Has Germany’s Annegret Kramp-Karrenbauer Inherited a No-Win Situation?

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In Germany, they call her simply AKK; even there, her name is a mouthful. And Chancellor AKK does have a certain ring to it. Speculation is that the 56-year-old will win the election to run Germany when Angela Merkel steps down in the fall of 2021. If Annegret Kramp-Karrenbauer does succeed in that, she will be replacing one of the most powerful politicians of the modern era, one who had the greatest influence in shaping the European Union—for good and, say critics, bad.

AKK beat two candidates, both men. She is a moderate centrist who shares Merkel’s humility, as well as, some analysts say, a greater ability to reach consensus with other parties. Her résumé includes stints as minister of interior, of education and of social affairs; she has been governor of her home state of Saarland for over 18 years. Filling Merkel’s sensible pumps, however, will require more than experience.

The Christian Democratic Union has governed the country for 49 of the past 69 years, and its roots are socially conservative. Over her 13 years in power, the brisk and forthright Merkel took the CDU in a more moderate direction; in the process, she turned Germany into the most powerful country in Europe for the first time in a century. After growing up in East Germany, she understood the dangers of nationalism and fascism, and as the leader of the EU, she became a champion of liberal, democratic values, as well as a symbol of stability at home and in the world.

Cracks in Merkel’s popularity appeared after the global financial crash of 2008. Opponents say it was her policy of economic austerity, imposed on Italy, Spain, Portugal and Greece, that planted the seeds for the rise in populism across the EU. Those cracks deepened in 2015, when she welcomed a million refugees to Germany, and encouraged other EU members to do the same. Since then, the far-right Alternative for Germany party has become a significant challenger to the CDU. With 94 seats in the Bundestag, Germany’s parliament, the AfG is now the third-largest party in the country after the 2017 federal election. And nationalist leaders now dominate Europe.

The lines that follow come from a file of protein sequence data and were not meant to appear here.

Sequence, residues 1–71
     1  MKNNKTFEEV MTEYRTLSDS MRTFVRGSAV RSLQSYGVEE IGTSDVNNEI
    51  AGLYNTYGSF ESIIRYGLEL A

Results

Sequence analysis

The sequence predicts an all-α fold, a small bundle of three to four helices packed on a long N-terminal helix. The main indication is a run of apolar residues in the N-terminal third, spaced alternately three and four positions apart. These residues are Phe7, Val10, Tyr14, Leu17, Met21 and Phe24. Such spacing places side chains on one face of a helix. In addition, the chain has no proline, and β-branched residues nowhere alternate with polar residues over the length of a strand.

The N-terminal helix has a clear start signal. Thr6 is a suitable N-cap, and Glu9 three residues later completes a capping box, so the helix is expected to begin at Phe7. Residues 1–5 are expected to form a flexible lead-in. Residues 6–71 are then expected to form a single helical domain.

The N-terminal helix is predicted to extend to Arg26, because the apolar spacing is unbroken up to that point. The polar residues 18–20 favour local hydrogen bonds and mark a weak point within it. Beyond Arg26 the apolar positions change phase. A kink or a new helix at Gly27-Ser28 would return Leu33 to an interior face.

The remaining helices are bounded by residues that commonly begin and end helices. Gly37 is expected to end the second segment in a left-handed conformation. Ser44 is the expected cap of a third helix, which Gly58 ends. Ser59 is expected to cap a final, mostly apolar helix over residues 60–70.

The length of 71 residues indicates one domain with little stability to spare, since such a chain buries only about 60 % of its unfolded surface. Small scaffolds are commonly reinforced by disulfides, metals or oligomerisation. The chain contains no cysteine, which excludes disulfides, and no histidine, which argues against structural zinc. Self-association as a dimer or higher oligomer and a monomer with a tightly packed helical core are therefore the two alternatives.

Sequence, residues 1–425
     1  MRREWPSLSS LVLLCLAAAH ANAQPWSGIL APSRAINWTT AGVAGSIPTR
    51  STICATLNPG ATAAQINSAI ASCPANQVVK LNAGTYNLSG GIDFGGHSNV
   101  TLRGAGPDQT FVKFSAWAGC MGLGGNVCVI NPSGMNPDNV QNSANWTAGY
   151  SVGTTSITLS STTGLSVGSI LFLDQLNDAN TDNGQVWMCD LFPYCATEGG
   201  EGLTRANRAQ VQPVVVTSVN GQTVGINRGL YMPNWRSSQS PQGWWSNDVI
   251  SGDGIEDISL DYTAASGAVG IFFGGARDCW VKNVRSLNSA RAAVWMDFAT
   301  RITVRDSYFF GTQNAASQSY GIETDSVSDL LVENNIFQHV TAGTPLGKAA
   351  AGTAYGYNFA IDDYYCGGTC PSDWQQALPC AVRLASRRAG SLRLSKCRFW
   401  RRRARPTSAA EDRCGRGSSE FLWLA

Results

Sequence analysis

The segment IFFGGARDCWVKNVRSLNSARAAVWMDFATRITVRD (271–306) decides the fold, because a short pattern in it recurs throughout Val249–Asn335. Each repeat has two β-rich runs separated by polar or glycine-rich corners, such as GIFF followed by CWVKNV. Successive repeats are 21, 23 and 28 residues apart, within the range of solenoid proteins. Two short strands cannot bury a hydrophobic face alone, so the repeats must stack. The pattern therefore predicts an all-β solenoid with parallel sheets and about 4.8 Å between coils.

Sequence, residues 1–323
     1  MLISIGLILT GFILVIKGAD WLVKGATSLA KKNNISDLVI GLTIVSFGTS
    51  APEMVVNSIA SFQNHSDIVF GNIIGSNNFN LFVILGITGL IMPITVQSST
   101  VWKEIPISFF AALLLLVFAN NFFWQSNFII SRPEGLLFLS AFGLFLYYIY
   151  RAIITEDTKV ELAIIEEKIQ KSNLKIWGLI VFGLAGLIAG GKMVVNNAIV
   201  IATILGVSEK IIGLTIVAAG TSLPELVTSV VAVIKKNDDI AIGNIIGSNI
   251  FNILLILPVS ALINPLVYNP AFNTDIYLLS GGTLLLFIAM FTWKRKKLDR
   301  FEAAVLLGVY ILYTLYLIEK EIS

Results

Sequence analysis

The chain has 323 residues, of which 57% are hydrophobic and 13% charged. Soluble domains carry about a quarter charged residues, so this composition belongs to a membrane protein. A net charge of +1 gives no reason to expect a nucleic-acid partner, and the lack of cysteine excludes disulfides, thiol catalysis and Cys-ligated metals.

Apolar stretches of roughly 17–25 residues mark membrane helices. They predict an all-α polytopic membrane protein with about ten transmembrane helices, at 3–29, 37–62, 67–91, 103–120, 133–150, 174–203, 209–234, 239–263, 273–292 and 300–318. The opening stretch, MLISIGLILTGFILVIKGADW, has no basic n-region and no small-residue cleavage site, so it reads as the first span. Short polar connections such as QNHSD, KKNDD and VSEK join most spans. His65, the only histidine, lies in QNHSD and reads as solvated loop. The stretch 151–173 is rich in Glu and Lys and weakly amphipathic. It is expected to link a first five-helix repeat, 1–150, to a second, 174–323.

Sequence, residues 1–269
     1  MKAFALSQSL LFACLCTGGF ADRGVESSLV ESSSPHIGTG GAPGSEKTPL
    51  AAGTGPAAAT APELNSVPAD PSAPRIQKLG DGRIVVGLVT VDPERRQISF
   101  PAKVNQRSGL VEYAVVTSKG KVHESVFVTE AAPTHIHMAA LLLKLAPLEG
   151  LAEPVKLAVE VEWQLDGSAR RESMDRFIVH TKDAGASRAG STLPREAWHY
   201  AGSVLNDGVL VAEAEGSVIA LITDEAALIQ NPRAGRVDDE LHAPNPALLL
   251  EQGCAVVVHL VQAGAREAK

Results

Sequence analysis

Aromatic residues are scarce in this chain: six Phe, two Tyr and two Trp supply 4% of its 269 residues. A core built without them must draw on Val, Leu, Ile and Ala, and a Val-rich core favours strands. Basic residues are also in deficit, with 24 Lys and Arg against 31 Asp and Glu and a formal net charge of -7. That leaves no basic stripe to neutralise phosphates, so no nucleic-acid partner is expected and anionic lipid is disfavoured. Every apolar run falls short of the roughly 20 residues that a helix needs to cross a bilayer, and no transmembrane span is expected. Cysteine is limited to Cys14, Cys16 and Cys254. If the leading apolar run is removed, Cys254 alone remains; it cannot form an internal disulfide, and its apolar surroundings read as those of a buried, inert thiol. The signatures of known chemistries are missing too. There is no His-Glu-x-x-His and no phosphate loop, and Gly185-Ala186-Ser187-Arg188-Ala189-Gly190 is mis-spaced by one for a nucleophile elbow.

Kramp-Karrenbauer’s close association with Merkel (she has been called “mini Merkel”) is one possible reason her win was so close. Nearly half the votes went to candidates critical of Merkel. But there are differences between the two women. A Catholic mother of three, AKK has denounced same-sex marriage. And though she initially supported Merkel’s immigration policy, her own attitudes toward refugees and migrants in Saarland have been quite harsh.

But AKK did win, which suggests the CDU is open to preserving Merkel’s democratic legacy. Just how liberal AKK’s policies will be is anybody’s guess. The next German federal election is not until 2021, and given the current state of the EU and the world, a lot will happen: President Emmanuel Macron, Merkel’s partner in democracy, is under siege in France. Brexit is on the horizon. The reach of autocratic administrations in Russia and China grows longer, as the drumbeat for the impeachment of the U.S. president gets louder. White supremacy and nationalism are on the rise throughout Europe. And climate change will continue to destabilize the world, leading to mass migration and widespread economic disparity.

Under those conditions, Kramp-­Karrenbauer will need the mettle of Merkel—and then some.

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